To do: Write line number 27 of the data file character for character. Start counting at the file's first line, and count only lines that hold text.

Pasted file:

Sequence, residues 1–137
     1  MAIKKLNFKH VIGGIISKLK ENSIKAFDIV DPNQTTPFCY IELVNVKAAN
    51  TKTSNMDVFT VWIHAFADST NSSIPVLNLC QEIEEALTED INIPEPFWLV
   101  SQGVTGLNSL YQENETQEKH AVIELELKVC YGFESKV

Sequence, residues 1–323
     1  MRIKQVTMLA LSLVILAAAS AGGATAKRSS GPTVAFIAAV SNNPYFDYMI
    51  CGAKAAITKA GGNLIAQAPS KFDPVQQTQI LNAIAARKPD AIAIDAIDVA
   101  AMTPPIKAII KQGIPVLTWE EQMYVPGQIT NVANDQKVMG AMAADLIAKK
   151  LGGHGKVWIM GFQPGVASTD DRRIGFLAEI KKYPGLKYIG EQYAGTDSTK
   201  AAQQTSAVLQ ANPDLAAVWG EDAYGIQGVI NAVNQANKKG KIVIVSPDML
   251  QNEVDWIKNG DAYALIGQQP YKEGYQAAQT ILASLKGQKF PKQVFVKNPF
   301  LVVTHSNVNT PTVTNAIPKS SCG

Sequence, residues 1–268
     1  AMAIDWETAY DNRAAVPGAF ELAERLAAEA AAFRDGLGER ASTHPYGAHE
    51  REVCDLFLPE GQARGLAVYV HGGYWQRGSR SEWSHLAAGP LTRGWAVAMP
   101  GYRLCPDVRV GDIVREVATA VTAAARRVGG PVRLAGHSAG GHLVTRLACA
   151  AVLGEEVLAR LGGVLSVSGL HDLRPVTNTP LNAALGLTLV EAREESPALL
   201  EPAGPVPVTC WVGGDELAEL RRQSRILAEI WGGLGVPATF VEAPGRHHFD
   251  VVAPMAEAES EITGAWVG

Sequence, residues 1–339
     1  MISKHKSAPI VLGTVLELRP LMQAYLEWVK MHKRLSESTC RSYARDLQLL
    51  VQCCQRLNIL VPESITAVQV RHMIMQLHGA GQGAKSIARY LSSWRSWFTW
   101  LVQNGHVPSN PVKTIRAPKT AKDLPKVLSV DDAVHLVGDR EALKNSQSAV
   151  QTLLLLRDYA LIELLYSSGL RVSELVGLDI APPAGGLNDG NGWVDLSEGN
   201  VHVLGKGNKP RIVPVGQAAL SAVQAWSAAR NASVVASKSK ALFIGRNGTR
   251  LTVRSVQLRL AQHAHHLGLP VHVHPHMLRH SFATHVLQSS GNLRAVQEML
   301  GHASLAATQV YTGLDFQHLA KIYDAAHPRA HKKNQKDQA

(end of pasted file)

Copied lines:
   301  GHASLAATQV YTGLDFQHLA KIYDAAHPRA HKKNQKDQA